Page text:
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Spring is here.  This is traditionally a time for renewal and looking into the future towards brighter days.  People who feel trapped in their relationships use this time  to search for ways to change their lives.  If that is where you find yourself, you may be asking where to start if you want to end a marriage or long-term relationship.  A good way to start is to talk to your counselor or therapist, or a trusted friend, about taking this step.

Oftentimes it helps clarify in your mind why it is that you want a divorce (or to end the relationship if you aren’t married), and what is important to you in getting a divorce.  We often fantasize that life will be “all good” once we have left a relationship, but that is seldom the case.  Being clear in your mind that you want a divorce, and about the reasons why you want a divorce, can help you stay clear-headed and make good decisions.

Then, once you are clear that you want to end the relationship, you need to start gathering information.  That is when it can be helpful to talk to a divorce attorney about the divorce process.  I offer free consultations for the first half-hour of meeting with anyone interested in learning about divorce, and so do many other divorce attorneys.  This is a good way to find out the basic information about what to expect during the divorce process.  You can also contact the King County Bar Association and set up a 20 minute consultation with a divorce attorney at a neighborhood legal clinic .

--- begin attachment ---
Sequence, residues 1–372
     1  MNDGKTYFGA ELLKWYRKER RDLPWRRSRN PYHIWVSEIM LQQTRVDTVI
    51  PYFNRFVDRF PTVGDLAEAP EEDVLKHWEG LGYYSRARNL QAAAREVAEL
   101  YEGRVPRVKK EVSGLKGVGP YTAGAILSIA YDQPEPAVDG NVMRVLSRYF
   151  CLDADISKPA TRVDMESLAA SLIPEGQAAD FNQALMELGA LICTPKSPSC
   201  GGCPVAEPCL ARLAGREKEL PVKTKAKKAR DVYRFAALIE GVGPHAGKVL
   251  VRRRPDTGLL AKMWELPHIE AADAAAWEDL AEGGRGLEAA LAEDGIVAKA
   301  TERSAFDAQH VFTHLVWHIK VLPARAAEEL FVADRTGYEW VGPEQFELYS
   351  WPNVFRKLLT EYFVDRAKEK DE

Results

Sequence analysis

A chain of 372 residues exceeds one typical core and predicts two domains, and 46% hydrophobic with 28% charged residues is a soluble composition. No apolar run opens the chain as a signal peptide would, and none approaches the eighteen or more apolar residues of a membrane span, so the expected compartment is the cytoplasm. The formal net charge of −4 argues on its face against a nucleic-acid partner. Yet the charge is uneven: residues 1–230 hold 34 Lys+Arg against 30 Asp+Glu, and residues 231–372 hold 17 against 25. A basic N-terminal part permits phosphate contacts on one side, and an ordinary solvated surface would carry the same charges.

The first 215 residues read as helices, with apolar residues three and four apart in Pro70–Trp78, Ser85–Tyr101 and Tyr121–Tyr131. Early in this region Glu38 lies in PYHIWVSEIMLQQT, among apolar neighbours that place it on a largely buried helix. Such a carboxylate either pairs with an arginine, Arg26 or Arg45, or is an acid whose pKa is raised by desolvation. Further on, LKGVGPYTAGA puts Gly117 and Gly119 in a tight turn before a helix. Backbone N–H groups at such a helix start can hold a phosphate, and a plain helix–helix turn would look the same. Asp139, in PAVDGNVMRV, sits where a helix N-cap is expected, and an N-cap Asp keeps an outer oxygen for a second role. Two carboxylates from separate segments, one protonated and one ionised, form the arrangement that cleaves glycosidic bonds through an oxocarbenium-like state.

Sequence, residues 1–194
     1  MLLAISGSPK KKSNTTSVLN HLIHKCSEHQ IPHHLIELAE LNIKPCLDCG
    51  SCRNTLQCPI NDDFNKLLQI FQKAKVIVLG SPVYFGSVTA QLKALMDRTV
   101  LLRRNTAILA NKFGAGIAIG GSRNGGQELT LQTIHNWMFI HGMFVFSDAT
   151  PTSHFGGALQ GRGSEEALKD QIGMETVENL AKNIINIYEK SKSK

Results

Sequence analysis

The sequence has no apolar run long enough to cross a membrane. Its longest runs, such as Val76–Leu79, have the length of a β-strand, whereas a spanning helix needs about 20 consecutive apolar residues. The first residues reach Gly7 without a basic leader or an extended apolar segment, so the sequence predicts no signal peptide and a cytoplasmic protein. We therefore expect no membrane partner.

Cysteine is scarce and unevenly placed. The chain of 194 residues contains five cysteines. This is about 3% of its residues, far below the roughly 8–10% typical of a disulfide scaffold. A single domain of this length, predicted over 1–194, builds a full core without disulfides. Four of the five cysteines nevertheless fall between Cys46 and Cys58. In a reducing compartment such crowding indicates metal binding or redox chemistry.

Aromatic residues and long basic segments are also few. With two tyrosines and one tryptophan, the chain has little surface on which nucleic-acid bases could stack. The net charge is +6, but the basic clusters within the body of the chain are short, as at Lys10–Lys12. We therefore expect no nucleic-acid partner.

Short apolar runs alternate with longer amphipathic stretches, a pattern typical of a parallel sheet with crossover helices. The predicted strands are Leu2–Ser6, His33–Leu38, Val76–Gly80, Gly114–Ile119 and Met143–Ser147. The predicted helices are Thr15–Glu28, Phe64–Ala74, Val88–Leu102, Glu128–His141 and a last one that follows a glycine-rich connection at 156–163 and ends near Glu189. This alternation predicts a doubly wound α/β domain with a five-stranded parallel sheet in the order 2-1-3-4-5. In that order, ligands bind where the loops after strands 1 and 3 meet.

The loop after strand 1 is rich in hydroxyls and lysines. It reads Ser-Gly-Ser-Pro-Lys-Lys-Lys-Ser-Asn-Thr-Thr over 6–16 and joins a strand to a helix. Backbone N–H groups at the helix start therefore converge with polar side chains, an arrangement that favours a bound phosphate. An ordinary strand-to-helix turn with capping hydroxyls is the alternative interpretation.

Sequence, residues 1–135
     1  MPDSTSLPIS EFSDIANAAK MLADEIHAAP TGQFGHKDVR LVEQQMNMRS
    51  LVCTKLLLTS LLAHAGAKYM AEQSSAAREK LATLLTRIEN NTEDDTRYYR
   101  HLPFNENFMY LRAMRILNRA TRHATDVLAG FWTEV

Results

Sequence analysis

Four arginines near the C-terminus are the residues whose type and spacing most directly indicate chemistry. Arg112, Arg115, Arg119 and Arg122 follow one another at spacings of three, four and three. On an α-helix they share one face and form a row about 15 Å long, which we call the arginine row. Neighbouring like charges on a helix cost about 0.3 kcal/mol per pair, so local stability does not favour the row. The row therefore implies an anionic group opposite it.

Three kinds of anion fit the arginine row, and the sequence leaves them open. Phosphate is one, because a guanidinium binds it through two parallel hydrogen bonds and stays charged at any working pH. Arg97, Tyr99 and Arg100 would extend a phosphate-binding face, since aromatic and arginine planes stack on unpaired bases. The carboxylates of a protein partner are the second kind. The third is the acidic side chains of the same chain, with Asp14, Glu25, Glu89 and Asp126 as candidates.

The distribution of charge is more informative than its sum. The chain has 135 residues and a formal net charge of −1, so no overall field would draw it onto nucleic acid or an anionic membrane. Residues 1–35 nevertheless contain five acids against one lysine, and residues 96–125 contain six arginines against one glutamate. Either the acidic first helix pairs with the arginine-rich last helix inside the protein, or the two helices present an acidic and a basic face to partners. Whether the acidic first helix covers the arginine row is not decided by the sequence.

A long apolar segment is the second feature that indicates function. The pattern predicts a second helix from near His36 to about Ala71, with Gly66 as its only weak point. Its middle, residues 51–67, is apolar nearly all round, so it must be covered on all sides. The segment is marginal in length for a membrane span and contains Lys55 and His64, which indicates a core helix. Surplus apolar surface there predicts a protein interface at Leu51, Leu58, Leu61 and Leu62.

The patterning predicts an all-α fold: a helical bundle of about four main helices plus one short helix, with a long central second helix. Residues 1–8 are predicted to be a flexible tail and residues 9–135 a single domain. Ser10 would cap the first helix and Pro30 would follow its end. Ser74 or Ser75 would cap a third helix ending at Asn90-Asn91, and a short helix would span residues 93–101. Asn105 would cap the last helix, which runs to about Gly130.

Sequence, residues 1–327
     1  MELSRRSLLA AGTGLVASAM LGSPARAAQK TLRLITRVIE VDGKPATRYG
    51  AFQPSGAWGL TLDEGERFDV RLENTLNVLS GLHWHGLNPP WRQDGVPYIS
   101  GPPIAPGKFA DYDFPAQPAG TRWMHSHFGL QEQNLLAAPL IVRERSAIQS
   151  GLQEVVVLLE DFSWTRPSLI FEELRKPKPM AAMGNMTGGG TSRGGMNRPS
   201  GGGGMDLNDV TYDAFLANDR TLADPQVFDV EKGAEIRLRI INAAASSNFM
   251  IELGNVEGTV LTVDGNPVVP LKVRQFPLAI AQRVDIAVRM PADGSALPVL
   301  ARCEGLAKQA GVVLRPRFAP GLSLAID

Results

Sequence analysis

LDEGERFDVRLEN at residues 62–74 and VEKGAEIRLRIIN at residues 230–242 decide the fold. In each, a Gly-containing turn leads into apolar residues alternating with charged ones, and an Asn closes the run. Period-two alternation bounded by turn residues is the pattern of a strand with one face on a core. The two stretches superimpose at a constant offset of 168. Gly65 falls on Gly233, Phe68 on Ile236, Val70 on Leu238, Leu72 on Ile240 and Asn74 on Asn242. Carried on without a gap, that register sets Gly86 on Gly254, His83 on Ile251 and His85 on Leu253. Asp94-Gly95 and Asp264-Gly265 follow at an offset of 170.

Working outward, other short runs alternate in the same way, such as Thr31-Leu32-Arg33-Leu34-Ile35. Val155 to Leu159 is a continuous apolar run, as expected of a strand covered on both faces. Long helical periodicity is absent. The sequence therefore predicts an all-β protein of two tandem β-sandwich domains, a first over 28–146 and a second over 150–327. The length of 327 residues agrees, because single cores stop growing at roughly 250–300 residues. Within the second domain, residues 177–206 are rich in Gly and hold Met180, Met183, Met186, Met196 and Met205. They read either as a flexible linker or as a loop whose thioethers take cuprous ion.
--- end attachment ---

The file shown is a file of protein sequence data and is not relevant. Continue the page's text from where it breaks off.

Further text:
Another option is to attend a divorce workshop.  I am a presenter at the 2nd Saturday Divorce Workshops held at Highline Community College in Des Moines, Washington, every second Saturday of the month.  At this workshop, you will spend three to four hours with a divorce attorney, a financial planner, and a mental health professional discussing all three aspects of the divorce process.  This is cost-effective and time-efficient way to get many of your questions answered.

If you are particularly concerned about the financial impact of a divorce, you might want to meet with a financial planner who specializes in helping people through a divorce.  If you are worried about the impact of a divorce on your children, you might want to set up an appointment to meet with a therapist who specializes in helping children through divorces.  If you are worried about how your partner will react, you may want to find a counselor of your own to help you plan out how you are going to address ending the relationship with your spouse.